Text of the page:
Abandoned Books

Reviews of books and authors not much discussed on the web.

Location: Philadelphia, Pennsylvania

Tuesday, April 24, 2007

Short Takes: Grace Metalious

I read as much of this as could keep my interest. There’s a recent spark of interest in Metalious again, partly because some (sigh) feminist press recently reissued Peyton Place, partly because Sandra Bullock is apparently going to play her in a biopic.

Peyton Place is not exactly a good book. There’s a lot of huffing and puffing to try and reestablish her reputation, nowadays, but it all sounds kind of fake to me, a lot of protesting too much. There’s a small group of people -- Ed Gorman comes to mind -- who legitimately seem to think this is a great novel. Well, nostalgia is a powerful thing.

It’s not a bad book. It’s rather well written, and has moments of real power: the drunken nightmare in the cellar is a good bit, as is the stepfather coming on to Selena, as is the Principal’s arrival in town. Like a lot of episodic novels (The Young Lions; From Here to Eternity) it’s most powerful in episodes. Metalious wrote with a kind of freshness and frankness that seems perfectly current now, though she surely blew a lot of minds back in her day.

But a novel of episodes is just that, a novel of isolated incidents, and Peyton Place falls on the same rocks that a lot of others do -- James Jones, for instance. There’s just no sense that this trip is ultimately going anywhere, that it has some kind of greater meaning. It clops along, one Revealing Moment after another, until it just sort of kinda stops. This is a fault of not approaching the book as a completed intrinsic work -- one begins to suspect it’s a fault of trying To Report Life In All of it’s Truthfulness. Because let’s be frank, life doesn’t have that kind of neatness we want or need from stories. Life tends to be episodic, moving from bead to bead on a necklace until we just kinda sorta stop. And that’s fine with life, because after all we’re living it. But it sucks for stories.

Stories are not life. Stories are fashioned things, and they provide us with things life cannot.

Peyton Place fails the further it goes, as these kind of things tend to do. For whatever reason, these type of novels tend to shoot their load early, giving us all the effective incidents in the first part. It also gets more shrill as it goes on: these sorts of books That Try To Reproduce Life In All of It’s Truthfulness generally have missionary leanings, and that’s particularly true of Peyton Place, which in the end boils down to that tired “if only we were more frank and open about sex life would be better” bit that apparently sounded so fresh in the Fifties.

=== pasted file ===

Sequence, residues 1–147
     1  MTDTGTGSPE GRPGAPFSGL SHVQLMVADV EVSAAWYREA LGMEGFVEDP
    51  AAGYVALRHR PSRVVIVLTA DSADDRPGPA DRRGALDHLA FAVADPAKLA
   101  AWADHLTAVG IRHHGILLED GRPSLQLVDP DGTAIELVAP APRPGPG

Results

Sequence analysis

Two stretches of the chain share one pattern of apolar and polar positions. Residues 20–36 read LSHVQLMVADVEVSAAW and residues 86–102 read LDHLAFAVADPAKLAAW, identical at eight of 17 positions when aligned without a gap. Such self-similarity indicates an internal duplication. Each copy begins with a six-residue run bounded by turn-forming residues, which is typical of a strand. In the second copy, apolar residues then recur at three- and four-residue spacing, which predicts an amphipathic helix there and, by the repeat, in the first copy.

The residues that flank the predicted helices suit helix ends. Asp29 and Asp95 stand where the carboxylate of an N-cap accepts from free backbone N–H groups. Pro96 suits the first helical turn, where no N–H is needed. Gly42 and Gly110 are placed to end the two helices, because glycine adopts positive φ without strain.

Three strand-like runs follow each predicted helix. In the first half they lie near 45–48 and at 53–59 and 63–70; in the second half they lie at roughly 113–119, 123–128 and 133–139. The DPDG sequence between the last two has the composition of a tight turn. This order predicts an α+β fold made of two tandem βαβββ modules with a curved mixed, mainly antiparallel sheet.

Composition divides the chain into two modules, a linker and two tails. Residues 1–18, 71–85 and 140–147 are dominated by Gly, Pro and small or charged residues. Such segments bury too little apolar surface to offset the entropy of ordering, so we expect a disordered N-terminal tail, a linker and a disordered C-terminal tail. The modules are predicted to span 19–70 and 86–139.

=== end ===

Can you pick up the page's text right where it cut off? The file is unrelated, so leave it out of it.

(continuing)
But while I can’t recommend it as a piece of fiction, it’s interesting to read if you’re interested in the history of fiction, particular in how American popular fiction has gone in the post WW II period. Metalious’s vision of small town life: a hotbed of repression, a wandering omniscient viewpoint, an episodic style, a reportorial vibe with an implicit point of view -- this has been profoundly influential in American fiction. It’s hard to think of ‘Salem’s Lot, to pick a novel off the top of my head, without Peyton Place. Whether that’s a good thing or not is a matter for another piece, though.

I also think Metalious’s life is interesting, especially for writers. She embodies a lot of the hopes and nightmares of the American writer: she struggles, suffers setbacks, hits it incredibly big, becomes very rich, blows it all, can’t ever reproduce her original success, and dies regretting it all. There’s something almost parable-like in her life -- hell, this may be one of the few biopics I actually go to.

Worth cautiously dipping into, I’d say.

Sunday, April 15, 2007

Jones online

This is a reasonable piece on Jones, albeit rather more adulatory than I would be. It does talk, interestingly enough, about Some Came Running, a book that's almost impossible to find nowadays but one I'm very interested in. I have generally come to the conclusion that the books writers feel are their best usually are their best. Especially if the writer is worth any salt to begin with.


David Foster Wallace has listed The Thin Red Line as one of his favorite books. It's sandwiched between Red Dragon and Fear of Flying:


There's some other stuff out there, but I don't feel like chasing it down right now.

Quick Look: James Jones

Yeah, I know, it’s been a long time since I’ve updated this thing. Hey, I was sick.